The other day, I had lunch with a friend, a woman my age. Like me, K is a widow. Unlike me, she’s been a widow for more than a decade, while today I’m marking my fourth montliversary.
One topic covered in our rambling conversation was what aspects of widowhood were difficult, and which ones weren’t especially bothersome.
Although K has been at it a lot longer than I, we both hit upon not being able to go on trips with our husbands as one of the most painful things to go through. (Going on vacations had been important to both K and myself.)
But we also both talked about how, in general, spending a lot of time by ourselves didn’t bother us at all – never had (before or after being widowed), and probably never would. Neither one of us is, or aspires to be, a recluse. But we both like biding our time all by our lonesomes, that’s for sure.
As has always been the case, a lot of my “me time” is taken up with reading.
But I also take long walks – something I used to do regularly with Jim, but now do on my own. Admittedly, I occasionally find myself going over to the dark side and making a phone call on my walk, but I’m trying to make those walks either quietly observational or blanked out mind treks. I’m also perfectly content to stare out into space, sitting on a bench in the Public Garden, or to stare out into Jim’s pride and joy 48” flat screen (turned off) sitting on the living room couch.
Nope, not being able to spend enough time in my own head has never been one of my problems.
But there’s a study out that shows the shocking degree to which many folks will go to avoid being alone with their thoughts.
I shouldn’t be all that surprised. We are, after all, a nation of doers not thinkers. Still, it’s a bit shocking to learn that so many people would rather withstand an electrical shock than sit doing nothing for 15 minutes. But that’s what a recent experiment found.
Being alone with no distractions was so distasteful to two-thirds of men and a quarter of women that they elected to give themselves mild electric shocks rather than sit quietly in a room with nothing but the thoughts in their heads, according to a study from the University of Virginia. (Source: Bloomberg)
The study was multi-part, and involved relatively small groups, but those groups spanned age, profession, etc.
There was no evidence that any group, based on age, education, income or social media usage, was more likely to appreciate time spent in reflection.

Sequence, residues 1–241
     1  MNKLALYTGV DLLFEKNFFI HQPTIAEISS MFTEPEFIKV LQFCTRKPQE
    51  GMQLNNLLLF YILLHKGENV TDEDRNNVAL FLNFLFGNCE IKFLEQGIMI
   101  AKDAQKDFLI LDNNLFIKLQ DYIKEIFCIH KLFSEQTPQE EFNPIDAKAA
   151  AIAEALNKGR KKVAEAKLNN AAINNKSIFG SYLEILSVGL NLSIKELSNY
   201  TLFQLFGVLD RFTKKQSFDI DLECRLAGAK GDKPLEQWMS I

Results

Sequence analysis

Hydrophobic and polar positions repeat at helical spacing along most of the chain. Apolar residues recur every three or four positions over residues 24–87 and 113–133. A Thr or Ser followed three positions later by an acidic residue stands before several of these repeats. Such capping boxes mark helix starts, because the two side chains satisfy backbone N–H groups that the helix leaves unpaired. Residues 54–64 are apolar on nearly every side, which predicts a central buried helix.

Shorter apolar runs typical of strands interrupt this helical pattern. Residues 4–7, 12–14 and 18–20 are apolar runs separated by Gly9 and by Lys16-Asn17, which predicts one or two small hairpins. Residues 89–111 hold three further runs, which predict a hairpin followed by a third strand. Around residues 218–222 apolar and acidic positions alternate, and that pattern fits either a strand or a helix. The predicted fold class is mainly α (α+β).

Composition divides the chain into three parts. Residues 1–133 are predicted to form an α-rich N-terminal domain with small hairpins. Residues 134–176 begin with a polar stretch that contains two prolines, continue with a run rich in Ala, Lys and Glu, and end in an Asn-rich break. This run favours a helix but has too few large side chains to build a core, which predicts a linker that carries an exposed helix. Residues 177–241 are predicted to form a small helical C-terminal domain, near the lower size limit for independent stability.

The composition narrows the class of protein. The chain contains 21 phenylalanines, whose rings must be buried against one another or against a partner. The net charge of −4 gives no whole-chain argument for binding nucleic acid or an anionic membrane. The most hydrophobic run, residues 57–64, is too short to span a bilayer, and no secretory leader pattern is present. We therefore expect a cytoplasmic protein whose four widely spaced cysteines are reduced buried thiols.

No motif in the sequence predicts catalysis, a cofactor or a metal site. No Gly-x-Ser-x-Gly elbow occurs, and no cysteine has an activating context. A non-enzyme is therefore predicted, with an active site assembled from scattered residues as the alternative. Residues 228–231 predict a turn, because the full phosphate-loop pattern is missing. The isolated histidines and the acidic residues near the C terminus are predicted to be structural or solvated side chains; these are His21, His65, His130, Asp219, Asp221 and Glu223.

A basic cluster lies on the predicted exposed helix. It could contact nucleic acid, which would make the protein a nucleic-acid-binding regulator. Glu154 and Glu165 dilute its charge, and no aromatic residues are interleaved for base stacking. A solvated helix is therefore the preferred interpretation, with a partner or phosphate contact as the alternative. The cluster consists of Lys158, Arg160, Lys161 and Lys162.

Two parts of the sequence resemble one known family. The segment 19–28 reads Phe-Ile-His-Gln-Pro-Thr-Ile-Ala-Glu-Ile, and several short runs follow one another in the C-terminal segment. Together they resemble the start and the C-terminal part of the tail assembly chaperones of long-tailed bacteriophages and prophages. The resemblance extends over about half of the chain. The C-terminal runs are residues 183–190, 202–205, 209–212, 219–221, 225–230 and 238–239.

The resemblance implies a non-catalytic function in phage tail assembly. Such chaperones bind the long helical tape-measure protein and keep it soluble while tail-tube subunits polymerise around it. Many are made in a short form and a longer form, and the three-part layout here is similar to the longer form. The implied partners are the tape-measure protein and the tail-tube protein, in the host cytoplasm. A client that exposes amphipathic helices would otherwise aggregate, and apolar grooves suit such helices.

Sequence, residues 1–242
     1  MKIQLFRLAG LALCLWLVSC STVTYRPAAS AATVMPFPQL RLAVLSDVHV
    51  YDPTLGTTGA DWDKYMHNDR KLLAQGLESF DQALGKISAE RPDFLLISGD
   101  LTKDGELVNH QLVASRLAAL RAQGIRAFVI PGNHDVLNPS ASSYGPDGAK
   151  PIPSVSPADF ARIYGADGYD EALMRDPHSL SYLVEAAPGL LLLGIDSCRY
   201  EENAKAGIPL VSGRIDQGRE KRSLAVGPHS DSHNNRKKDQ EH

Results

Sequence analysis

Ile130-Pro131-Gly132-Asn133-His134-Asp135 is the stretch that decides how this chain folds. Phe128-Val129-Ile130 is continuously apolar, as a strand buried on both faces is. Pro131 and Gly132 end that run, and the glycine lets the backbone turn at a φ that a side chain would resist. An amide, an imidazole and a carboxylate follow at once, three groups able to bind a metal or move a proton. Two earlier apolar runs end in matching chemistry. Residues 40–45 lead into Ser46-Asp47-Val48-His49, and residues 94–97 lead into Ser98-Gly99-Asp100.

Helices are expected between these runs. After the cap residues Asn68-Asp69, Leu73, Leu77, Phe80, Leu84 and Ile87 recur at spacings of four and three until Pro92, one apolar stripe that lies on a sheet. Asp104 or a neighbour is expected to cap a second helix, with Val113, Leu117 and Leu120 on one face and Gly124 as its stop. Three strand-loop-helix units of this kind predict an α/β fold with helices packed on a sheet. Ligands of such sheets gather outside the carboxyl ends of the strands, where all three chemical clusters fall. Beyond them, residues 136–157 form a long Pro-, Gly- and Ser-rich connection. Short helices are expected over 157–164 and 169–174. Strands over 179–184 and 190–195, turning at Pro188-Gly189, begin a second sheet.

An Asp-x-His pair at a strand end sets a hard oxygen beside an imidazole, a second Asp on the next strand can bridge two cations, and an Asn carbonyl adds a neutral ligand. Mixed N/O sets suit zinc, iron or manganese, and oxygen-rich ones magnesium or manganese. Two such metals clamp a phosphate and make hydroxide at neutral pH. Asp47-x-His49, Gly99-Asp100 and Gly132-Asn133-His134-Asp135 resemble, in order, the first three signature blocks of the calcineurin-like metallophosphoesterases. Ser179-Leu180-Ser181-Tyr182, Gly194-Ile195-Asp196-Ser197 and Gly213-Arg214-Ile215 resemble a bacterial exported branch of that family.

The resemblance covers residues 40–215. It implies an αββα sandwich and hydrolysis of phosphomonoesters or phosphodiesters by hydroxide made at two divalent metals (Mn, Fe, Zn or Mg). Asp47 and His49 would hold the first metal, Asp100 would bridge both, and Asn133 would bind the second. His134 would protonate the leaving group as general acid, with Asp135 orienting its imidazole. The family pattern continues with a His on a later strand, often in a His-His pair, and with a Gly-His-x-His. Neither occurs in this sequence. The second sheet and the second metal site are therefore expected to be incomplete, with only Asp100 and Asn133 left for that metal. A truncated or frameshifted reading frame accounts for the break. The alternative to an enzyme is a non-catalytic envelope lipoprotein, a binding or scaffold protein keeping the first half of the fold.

The study originally started out with students, and researchers found that the kids got bored pretty darned easily, and disliked the experience of having nothing to do.
Naturally, a lot of us would want to chalk this up to the “always on” generation’s being singularly incapable of being calm, self-reflecting Zen gods like ourselves.
But, like all good researchers, the UVA folks forged on, so they tested:
…whether volunteers would prefer an unpleasant activity -- an electric shock -- rather than no activity at all.
And damned if a majority of the men, and one-quarter of the women, decided that – even though ahead of time, after they’d tested the 9 volt jolt and deemed it painful, after they’d said that “they would pay to avoid” the shock – with nothing better to do than think, they’d give themselves a bit of a shock to kill some time.
Maybe if I had to sit there for 15 hours with nothing to do, I might decide to stick my finger in the socket, metaphorically speaking. But 15 minutes? Don’t people have issues to think through? Conversations to replay? Slights to fret about? Problems to solve? Joyful experiences they want to recall? (Sorrowful experiences they want to wallow in?)
The most telling participants said they were bored, and giving themselves a shock was better than being bored, [lead researcher Timothy] Wilson said.
“Maybe the mind is built to exist in the world, and people would prefer to have a negative experience rather than none at all,” he said.
Talk about needing to live for the moment.
I don’t know about the study participants, but my memory bank is sufficiently full, my task list sufficiently crammed, my life sufficiently full and vexing, that I have plenty of things I can mull about.
Think I’ll put my laptop aside and cogitate on why there are so many folks out there who can’t stand to just sit there and think.